By: Harry S. Dent, Jr., Author of The Great Depression Ahead (2008), The Roaring 2000s (1998), The Great Boom Ahead (1993), and Publisher of The HS Dent Economic Forecast Newsletter.
Over the last year we have looked at a number of potential scenarios for the topping of stocks long term in line with our Spending Wave peak from the massive Baby Boom Generation and how the stock markets could play out into a likely major bottom by mid- to late 2012 within the Decennial Cycle. Ned Davis was the first to document this very powerful cycle and we have found a stronger risk/return advantage from back-testing this cycle than even from our Spending Wave. With the exception of 1987 and 1973-1974 and 1937-1940, all other major crashes have occurred in the first 3 years of each decade since 1920. Being more cautious or out of stocks in this time frame would greatly improve your long-term stock returns even if you knew nothing about demographic or our other major cycles and economic driving forces.
We look first long term at fundamental cycles like demographic-driven generational waves of spending, S-Curve accelerations of key technologies, geopolitical and commodity cycles. Then we look at intermediate cycles that repeat largely predictably, like the Decennial Cycle, the 4-Year Presidential Cycle and the Annual Cycle. In the short term we look at much more volatile technical indicators — gauging everything from momentum to various levels of investor bullish and bearish sentiment — to simply make better guesses about the near term direction and targets for the markets. As important as these indicators are for short term tactics and timing major buy/sell signals, they are more complex and inherently less reliable as seemingly random news events dominate.
The point of the short term technical indicators is to have you make decisions more like the “smart money” or 1% that control most of the wealth and profits, rather than the “dumb money” or herd of investors that buys the most near tops and sells the most near bottoms. In this down Decennial Cycle, we have an unprecedented divergence between our most important technical indicators and our most powerful cycles and short-term fundamental leading indicators. Why? Investors, even the “smart money” ones, are genuinely confused by the first deflationary environment since the early 1930s. They have learned since the 1970s that when the Fed or government stimulates the economy, you don’t fight that trend, until they tighten monetary or fiscal policies.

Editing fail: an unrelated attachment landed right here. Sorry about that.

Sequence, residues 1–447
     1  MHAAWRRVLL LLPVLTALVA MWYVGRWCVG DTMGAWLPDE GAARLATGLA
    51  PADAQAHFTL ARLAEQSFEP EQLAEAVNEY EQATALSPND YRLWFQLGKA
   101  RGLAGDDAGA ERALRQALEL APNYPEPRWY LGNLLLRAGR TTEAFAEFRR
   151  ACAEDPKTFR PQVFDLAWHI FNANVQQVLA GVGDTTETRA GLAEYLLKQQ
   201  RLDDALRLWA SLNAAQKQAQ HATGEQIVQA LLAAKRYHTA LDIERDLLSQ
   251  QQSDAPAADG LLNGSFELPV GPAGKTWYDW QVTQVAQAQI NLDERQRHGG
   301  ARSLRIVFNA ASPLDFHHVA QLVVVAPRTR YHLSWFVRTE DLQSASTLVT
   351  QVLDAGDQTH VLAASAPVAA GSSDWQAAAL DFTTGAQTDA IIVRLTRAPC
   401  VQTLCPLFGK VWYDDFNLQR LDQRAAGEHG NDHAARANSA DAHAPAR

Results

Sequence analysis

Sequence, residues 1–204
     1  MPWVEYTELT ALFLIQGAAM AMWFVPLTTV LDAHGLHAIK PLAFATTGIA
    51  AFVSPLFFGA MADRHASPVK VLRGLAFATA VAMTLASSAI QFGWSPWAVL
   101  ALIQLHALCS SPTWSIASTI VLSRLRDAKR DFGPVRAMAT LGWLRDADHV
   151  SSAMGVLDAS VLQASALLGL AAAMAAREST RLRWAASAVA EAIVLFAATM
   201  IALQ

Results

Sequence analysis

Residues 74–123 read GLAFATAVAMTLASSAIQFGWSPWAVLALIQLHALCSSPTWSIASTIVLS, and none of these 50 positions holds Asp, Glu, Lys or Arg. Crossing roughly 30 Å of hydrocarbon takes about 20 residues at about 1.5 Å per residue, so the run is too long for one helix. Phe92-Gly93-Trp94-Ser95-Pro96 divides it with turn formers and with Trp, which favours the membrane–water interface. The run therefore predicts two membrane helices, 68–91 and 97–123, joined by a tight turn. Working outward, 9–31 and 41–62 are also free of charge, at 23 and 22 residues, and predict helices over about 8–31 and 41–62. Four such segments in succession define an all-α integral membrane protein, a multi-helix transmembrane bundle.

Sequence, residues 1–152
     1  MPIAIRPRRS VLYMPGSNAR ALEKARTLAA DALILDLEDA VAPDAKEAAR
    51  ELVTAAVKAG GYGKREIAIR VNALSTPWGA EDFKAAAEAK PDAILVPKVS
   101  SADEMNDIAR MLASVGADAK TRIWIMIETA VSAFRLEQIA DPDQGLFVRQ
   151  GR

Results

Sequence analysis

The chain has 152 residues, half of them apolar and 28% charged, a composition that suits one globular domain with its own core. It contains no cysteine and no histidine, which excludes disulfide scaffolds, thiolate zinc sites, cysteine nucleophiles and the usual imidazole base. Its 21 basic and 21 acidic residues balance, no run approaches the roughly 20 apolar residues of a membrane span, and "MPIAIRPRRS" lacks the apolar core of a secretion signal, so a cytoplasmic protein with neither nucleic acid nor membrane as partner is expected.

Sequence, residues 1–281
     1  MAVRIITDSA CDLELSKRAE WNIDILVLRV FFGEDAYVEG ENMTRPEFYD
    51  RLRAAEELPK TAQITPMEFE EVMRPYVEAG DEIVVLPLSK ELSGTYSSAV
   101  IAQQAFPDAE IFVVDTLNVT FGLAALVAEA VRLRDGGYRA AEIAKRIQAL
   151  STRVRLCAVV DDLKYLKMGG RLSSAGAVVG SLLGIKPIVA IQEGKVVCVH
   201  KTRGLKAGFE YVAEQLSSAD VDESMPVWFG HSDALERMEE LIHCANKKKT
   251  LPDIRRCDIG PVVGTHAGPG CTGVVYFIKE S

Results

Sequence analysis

That is the great illusion of our lifetimes, since Keynesian economics came into vogue in the 1970s after being innovated in the 1930s: that the government can regulate the economy like a thermostat. Even if they could, which they haven’t thus far, it would not be healthy!
Generational and technological cycles continue to drive our economy, not the government, except with their short-term stimulus, aka “cups of coffee.” Coffee wakes you up at first and then you are even sleepier when it wears off. Stimulus only works short term and does not change the fundamental situation. In fact it tends to make it worse by wearing out the system and depriving it of its natural waking and sleeping, inhaling and exhaling, and assimilation and elimination cycles. Try not sleeping for several days. Does the productivity from the greater hours of being awake outweigh the delusion and disorientation that follow? Our enemies use sleep deprivation to disorient their captives and thus extract information that the captive normally would never give out.
Our most powerful intermediate cycles suggest a correction into October or so, and our best short term leading indicators strongly suggest a double dip recession by January of 2011. But the “smart money” is not bearish, and they are normally right! There is still a broader range of outcomes than normal until we see how the pattern plays out over the critical weak months of September and October in the 4-Year Cycle, wherein the Decennial and 4-Year Cycles converge here as they do only once in a decade. You have to understand our broader hierarchy of key cycles to appreciate better the unique situation we are in currently.